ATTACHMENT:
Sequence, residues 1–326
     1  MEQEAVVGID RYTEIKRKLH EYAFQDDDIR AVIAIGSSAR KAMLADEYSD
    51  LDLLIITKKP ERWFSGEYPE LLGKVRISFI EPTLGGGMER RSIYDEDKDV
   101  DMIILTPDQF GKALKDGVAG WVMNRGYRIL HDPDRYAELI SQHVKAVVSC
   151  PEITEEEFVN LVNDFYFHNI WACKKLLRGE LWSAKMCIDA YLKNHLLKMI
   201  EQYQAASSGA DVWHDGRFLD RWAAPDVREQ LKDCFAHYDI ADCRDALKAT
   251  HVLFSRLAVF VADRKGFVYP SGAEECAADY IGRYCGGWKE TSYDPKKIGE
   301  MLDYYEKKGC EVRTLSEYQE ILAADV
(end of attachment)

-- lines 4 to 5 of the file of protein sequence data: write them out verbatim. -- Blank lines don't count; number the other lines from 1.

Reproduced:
   101  DMIILTPDQF GKALKDGVAG WVMNRGYRIL HDPDRYAELI SQHVKAVVSC
   151  PEITEEEFVN LVNDFYFHNI WACKKLLRGE LWSAKMCIDA YLKNHLLKMI